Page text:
The video above is an environmentally focused religious song performed by students from Pondok Pesantren Al-Ittifaq, an Indonesian environmental boarding school, or pesantren. An expression of love for God, eco-consciousness, and artistry are all rolled into one, as students integrate the idea of environmentalism naturally with other aspects of their daily life.

Since the 1950s, Islamic environmental pesantren have been teaching students the importance of stewardship and the deepening of their faith through a higher level of environmental consciousness and activism. It’s also important to point out that “environmental activism” as seen in the U.S. may be understood differently in an Indonesian context. Environmental practices such as water conservation and the planting of trees are commonplace practices in Indonesia and not necessarily viewed as uniquely progressive, political, or radical acts.


Anna M. Gade, filmmaker of the clip above and Associate Professor in UW-Madison’s Department of Languages and Cultures of Asia, has been studying the intersection of Islamic practices, community initiatives, and government policies in Indonesia for over a decade. Gade and renowned Evangelist environmental steward and scholar, Cal DeWitt, will speak to Jean on today’s Here on Earth radio broadcast about faith-based environmentalism, from both local and global perspectives.

How to Listen and Participate

Green Faith: A Christian Perspective

This is the second in a series related to our upcoming event, Green Faith: An Interfaith Conversation about Eco-Consciousness and Activism. If you missed the first post in the series, you can read it here and also see the end of this post for information on tomorrow’s related radio show.


Tim Mackie is a teaching pastor at Blackhawk Church in Middleton, Wisconsin, and a faculty member of the Western Seminary in Portland, Oregon, where he teaches Hebrew Bible.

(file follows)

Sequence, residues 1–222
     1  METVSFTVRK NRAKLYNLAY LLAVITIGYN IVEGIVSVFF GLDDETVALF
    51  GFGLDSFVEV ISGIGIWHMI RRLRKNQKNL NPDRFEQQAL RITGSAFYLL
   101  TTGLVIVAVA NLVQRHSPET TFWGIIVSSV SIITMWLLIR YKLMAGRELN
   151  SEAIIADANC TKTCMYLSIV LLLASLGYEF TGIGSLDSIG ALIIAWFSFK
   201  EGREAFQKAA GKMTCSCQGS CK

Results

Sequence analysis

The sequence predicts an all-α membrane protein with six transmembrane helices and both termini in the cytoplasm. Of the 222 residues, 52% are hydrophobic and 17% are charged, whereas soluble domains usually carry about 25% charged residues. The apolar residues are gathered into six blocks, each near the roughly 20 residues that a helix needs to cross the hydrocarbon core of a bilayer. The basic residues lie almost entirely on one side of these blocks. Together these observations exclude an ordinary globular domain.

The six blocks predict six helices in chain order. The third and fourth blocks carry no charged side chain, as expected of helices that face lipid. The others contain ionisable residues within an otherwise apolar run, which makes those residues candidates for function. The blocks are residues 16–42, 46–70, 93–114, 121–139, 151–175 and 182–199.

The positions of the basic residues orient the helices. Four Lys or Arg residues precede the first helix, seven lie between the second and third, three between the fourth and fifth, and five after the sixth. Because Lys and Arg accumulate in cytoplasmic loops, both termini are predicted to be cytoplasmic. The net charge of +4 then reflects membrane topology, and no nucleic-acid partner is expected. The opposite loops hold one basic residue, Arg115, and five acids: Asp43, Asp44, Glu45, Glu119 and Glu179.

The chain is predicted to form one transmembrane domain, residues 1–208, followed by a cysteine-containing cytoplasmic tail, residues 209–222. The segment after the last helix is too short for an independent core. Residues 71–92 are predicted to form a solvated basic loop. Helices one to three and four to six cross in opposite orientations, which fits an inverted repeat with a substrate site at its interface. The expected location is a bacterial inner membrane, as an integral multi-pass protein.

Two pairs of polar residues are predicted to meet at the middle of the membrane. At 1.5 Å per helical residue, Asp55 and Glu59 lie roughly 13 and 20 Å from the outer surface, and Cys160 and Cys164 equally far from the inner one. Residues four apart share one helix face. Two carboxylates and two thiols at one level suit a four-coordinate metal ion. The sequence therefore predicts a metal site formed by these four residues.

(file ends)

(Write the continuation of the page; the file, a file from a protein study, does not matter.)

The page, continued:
I grew up in the heart of a large city, one which is surrounded by immense natural beauty. Portland, Oregon, sits at the convergence of two large river valleys (the Willamette and the Columbia) that join and head into the Pacific Ocean. My earliest memories of the city recall the majestic Mt. Hood, which stands like a sentinel looking out over the city. The coast is just 1.5 hours away, and there is green everywhere you go, all year round.

I took all this for granted growing up, as I got the best of both worlds: a large urban center surrounded by a lifetime’s worth of hiking and outdoor adventure. Growing up in that part of the country had a formative shaping influence on me, but there was one other key catalyst that revolutionized my relationship to the world of nature. When I was 20 years old I became a follower of Jesus, which forced me to rethink a great many things about my patterns of living. Continue reading

Hearing the Recited Qur’an: Drs. H.Hasan Basri from Sulawesi Indonesia

This is a guest post by Anna M. Gade, Associate Professor in the Department of Languages and Cultures of Asia and the Religious Studies Program at UW-Madison, and the author of The Qur’an: An Introduction.HasanBasriColor She will be the guest of today’s Inside Islam radio show on Wisconsin Public Radio March 11 at 3 p.m. CT (4 p.m. ET).

A way to introduce the Qur’an to students in a classroom in Religious Studies is to present the text as religious Muslims experience it daily: embodied in voice and sound, expressed in rhythm and pitch. If listeners do not immediately understand the meanings of all the Arabic words they hear, they may share this experience with about four-fifths of the world’s Muslims who are also not native Arabic speakers. Approaching the Qur’an in this way, hearing real voices render what is believed to be God’s unchanging speech, can help learners to imagine the diverse global contexts across space and over time in which the Qur’an is faithfully rehearsed. Continue reading